than there is the presentation "problem" of the waveforms ... if you provide some sort of raw (unrendered) data you can zoom on the client, which reduces server requests dramatically, but than you need a device which can actually do that in a reasonable amount of time (and we're talking javascript here^^) ... I suppose there goes the mobile-devices part.
There is a bit more to the fact what limitations the ResMed-Cloud-Service has than just simple "we don't want you to know" Cool

and than there is the security thingy .... it's GPL so it has to stay GPL - making the source of a web service public where data-security really is important is .. well risky (at least) - you should be a hell of a geek before even thinking about it twice. SH runs on a local system - I suppose it was never designed for carefully crafted input-files^^

If you have no WiFi-SD-Card you still need a PC to import to the cloud .... than one could just simply use SH instead.
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#8
Back several months ago Mark changed the licensing structure so that he could (at some point) offer a commercial version of SleepyHead side-by-side with the "free" version. The commercial version supposedly would have more features, or additional support or whatever.    That might be put on hold for now due to his health, however.
SuperSleeper
Apnea Board Administrator
www.ApneaBoard.com


INFORMATION ON APNEA BOARD FORUMS OR ON APNEABOARD.COM SHOULD NOT BE CONSIDERED AS MEDICAL ADVICE. ALWAYS SEEK THE ADVICE OF A PHYSICIAN BEFORE SEEKING TREATMENT FOR MEDICAL CONDITIONS, INCLUDING SLEEP APNEA. INFORMATION POSTED ON THE APNEA BOARD WEB SITE AND FORUMS ARE PERSONAL OPINION ONLY AND NOT NECESSARILY A STATEMENT OF FACT.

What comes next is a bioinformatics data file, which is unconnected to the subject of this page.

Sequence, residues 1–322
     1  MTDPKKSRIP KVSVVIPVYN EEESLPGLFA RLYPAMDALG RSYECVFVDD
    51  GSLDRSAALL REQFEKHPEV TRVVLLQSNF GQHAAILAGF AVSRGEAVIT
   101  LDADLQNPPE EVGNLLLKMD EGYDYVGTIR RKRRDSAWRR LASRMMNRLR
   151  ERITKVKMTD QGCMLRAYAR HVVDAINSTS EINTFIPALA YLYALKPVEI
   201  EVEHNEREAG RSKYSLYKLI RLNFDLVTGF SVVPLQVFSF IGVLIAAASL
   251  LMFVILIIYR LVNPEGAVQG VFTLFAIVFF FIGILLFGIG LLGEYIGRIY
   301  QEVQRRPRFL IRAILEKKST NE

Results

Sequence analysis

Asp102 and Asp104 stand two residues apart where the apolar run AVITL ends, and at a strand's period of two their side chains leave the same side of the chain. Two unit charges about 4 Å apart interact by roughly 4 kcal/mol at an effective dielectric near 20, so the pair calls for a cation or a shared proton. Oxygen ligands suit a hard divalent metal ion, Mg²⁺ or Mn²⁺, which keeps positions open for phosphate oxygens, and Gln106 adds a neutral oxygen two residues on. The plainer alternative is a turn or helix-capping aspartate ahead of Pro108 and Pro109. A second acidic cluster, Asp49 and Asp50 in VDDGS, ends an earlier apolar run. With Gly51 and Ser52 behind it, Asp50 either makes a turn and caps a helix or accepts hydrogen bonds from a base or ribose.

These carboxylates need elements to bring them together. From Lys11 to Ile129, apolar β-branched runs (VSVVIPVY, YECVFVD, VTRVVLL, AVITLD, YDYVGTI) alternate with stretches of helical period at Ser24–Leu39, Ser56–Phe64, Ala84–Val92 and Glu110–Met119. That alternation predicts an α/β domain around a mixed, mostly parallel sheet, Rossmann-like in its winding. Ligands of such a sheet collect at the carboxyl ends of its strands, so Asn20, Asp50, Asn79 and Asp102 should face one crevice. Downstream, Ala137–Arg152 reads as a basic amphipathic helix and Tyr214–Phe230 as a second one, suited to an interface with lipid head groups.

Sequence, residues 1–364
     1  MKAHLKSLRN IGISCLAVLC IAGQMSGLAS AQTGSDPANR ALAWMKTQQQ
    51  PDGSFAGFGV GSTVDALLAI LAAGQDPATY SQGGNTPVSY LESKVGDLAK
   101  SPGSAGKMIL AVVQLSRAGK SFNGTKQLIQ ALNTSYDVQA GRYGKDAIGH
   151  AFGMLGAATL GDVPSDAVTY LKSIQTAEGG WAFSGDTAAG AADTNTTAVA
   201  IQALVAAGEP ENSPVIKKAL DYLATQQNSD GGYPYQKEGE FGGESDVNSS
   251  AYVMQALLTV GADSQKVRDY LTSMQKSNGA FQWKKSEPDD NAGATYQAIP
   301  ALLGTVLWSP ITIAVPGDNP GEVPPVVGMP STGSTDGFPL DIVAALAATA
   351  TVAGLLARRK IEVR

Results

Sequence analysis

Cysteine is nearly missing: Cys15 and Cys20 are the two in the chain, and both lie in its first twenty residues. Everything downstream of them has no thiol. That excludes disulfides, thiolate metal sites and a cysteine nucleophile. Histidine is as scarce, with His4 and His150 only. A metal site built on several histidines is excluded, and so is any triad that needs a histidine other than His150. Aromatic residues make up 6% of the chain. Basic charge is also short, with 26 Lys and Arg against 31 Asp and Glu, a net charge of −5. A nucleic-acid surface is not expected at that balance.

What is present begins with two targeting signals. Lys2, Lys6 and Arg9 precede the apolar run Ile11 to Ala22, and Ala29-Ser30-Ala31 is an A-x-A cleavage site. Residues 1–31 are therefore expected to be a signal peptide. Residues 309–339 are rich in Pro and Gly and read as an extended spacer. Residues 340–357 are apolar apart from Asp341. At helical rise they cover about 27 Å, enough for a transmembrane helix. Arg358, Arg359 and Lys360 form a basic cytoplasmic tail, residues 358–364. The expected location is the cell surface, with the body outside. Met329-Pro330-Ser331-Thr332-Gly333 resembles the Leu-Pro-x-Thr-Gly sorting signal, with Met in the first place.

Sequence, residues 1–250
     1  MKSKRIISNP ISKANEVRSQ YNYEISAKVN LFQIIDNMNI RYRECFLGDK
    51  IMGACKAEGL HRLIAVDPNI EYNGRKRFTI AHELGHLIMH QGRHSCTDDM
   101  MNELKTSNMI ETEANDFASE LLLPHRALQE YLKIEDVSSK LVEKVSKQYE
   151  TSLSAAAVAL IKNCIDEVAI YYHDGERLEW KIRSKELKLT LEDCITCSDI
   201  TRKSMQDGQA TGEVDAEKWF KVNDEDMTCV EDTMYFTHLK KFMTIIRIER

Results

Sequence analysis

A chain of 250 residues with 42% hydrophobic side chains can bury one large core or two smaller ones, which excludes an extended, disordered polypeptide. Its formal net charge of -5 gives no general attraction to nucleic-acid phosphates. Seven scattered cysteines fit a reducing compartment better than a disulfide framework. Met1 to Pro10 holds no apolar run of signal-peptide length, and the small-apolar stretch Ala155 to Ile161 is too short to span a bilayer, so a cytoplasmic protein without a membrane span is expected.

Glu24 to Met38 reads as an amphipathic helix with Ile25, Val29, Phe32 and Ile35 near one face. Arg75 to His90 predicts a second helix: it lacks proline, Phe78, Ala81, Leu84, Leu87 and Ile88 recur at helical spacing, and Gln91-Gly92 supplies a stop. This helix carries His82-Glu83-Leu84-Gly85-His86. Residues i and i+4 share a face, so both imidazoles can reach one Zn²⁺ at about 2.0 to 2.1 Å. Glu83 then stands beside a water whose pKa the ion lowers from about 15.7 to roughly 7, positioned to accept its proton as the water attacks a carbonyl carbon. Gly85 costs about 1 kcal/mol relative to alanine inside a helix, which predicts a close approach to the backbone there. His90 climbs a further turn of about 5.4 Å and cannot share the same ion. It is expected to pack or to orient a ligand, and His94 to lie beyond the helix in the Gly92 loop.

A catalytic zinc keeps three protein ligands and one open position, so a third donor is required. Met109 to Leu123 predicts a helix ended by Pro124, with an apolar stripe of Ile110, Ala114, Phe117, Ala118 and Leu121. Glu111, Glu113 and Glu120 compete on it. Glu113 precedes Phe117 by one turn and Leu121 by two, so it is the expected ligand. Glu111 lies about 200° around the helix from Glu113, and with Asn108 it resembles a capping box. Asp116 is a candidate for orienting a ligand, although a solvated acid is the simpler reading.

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#9
well ... it's his code ... he can change the license at any time to what ever he wants (at least for the parts he created) on the other side everyone can sell sleepyhead in binary form - one just have to make clear that it is based on his free source (but I'm not so in to GPL ... I'm more into the original idea behind the beerware-"license")

anyway it would really be nice if you could elaborate on this - as I think you are one of the few who actually knwo this:


(03-09-2017, 09:39 AM)Sleeprider Wrote: The increasing use of machines not supported by Sleepyhead limits its use.

It would really interest me if you could be a more specific on that point. What machines are currently unsupported by SleepyHead that really are used. And by "used" I mean used by more than a handful over the whole world.
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#10
That was Sleeprider who made that statement, not me (SuperSleeper).

But, in his defence, there are plenty of CPAP machines that SleepyHead does not support.  Pretty sure Mark's intention was to try to provide support for as many as possible by first tackling the "big names" of CPAP manufacturers like ResMed & Philips-Respironics machines, and limited support for DeVilbiss & Fisher & Paykel machines.  I read somewhere that those four companies combined have anywhere between 65-75% of the world-wide CPAP market share.  If those figures are accurate, that still leaves 25-35% of CPAP users left who have a machine not manufactured by the above companies and not currently supported by SleepyHead. 

Here's a list of some major manufacturers of data-capable CPAP machines not currently supported by SleepyHead:

Puritan Bennett
Apex
HDM (Human Design Medical)
BMC 3B Products
AEIOmed
Weinmann

That's still a rather large list of remaining CPAP manufacturers that SleepyHead doesn't currently support.  Agreed, it's not anywhere near the amount that the "big four" supply, but it's still a pretty large group of people.


Coffee
SuperSleeper
Apnea Board Administrator
www.ApneaBoard.com


INFORMATION ON APNEA BOARD FORUMS OR ON APNEABOARD.COM SHOULD NOT BE CONSIDERED AS MEDICAL ADVICE. ALWAYS SEEK THE ADVICE OF A PHYSICIAN BEFORE SEEKING TREATMENT FOR MEDICAL CONDITIONS, INCLUDING SLEEP APNEA. INFORMATION POSTED ON THE APNEA BOARD WEB SITE AND FORUMS ARE PERSONAL OPINION ONLY AND NOT NECESSARILY A STATEMENT OF FACT.